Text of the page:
Jersey Shore reality star Jenni Farley, also known as "JWoww."
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Saturday, JWoww, one of the stars of MTV's hit reality show Jersey Shore, will be in Toledo as part of a promotional appearance at Electric Beach. Some of you already know this and plan to go. Others didn't know about it and could not care less.
And then there are those who consider JWoww's local appearance -- and really, her nationwide popularity -- as yet another sign the Apocalypse is nigh. Count me among the latter group.
I'm a man of few hates.
I hate high gas prices.
I hate most third and fourth movies in a series.
I hate the ridiculous amount of theft-proof plastic it takes to retrieve your paid-for CD or DVD.
But I don't hate people. And I certainly am not going to start now with JWoww.
I've watched Jersey Shore and I don't care for it. If I wanted to watch 20-somethings drink too much, hook up, and make general fools of themselves ... I never would have matured past my college years. So while I don't hate the reality show's manufactured stars, I do resent them. Mainly, I resent that JWoww is popular enough that she would be a spokesman for a company, and that there are Toledo residents with nothing better to do than make the effort to see her. Let's be clear about this: I don't begrudge JWoww the opportunity to take advantage of her celebrity status; I begrudge the fact that she has celebrity status. And for what? For being tan? For being obnoxious? For being from New Jersey?
We can do better than this. At the very least, we should try.
I have a 4-year-old daughter. At the moment, her world consists of my wife and me, her preschool, Disney and Pixar movies, and the educational shows she is allowed to watch on TV. It's a controlled environment, like Logan's Run, only without fear of sandmen and renewal. I like that. But I also realize that her protective bubble against popular culture eventually will burst, and that frightens me -- especially when I know what's waiting just outside: Paris Hilton, Lindsay Lohan, Britney Spears. These celebrities aren't role models for young girls, they are police blotters waiting to happen.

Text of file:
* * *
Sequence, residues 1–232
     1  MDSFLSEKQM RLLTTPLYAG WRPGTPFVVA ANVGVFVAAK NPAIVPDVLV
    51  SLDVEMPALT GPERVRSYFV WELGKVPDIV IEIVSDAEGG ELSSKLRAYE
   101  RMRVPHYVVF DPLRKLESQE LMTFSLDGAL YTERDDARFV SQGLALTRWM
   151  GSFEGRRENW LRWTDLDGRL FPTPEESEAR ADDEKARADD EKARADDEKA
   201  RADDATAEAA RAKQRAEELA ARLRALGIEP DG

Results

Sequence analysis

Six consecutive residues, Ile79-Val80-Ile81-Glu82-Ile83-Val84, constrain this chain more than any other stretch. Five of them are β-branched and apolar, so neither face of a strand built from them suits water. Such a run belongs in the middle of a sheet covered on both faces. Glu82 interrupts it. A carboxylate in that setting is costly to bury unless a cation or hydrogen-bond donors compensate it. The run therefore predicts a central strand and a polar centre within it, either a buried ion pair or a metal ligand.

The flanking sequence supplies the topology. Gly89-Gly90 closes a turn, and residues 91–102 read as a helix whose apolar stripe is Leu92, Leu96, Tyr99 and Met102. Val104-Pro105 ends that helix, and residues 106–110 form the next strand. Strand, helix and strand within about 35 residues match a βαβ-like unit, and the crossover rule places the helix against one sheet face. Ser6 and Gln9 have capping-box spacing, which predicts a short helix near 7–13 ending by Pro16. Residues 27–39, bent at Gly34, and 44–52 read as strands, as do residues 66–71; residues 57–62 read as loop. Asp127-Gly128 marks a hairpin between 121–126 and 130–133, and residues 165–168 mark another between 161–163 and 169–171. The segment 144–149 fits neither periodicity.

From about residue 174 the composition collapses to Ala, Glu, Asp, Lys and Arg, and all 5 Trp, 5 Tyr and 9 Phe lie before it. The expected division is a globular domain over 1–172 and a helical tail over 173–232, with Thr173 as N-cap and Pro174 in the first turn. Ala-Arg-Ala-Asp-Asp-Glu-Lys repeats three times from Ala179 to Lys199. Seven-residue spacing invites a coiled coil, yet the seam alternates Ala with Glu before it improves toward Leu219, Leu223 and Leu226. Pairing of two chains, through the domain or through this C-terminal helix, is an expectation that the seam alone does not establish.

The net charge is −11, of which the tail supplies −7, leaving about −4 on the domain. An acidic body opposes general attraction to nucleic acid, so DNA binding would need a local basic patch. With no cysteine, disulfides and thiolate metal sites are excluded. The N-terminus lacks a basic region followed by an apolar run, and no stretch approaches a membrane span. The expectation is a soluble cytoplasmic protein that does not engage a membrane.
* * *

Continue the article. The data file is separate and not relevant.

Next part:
I realize there are many, many women in this country who would make wonderful role models for young girls: scientists, doctors, politicians, professors -- only good luck trying to find them on TV, in newspapers, or on the Internet. If they're not having run-ins with the law, chances are most of us will never hear about them.
It's fame -- be it of the infamous or famous variety -- that matters most in our culture.
That's why someone like JWoww exists, someone, as the 21st-century cliche goes, is famous for being famous. And how is such a nonskill like that supposed to help an impressionable young girl reach her potential?
"Look, honey, if you can develop an outrageous personality, be willing to make a fool of yourself on TV and look good doing it, you can be a star."
That's almost as absurd as having two college degrees and a drive to succeed in the graphics art and fashion industry, only to temporarily give that up for the lure of instant fame and quick cash by appearing on a degrading reality show, as Jenni Farley, JWoww to the rest of the world, opted to do.
So much for saving for my daughter's college years. Perhaps I should start saving for tanning sessions instead.
Contact Kirk Baird at firstname.lastname@example.org or 419-724-6734.
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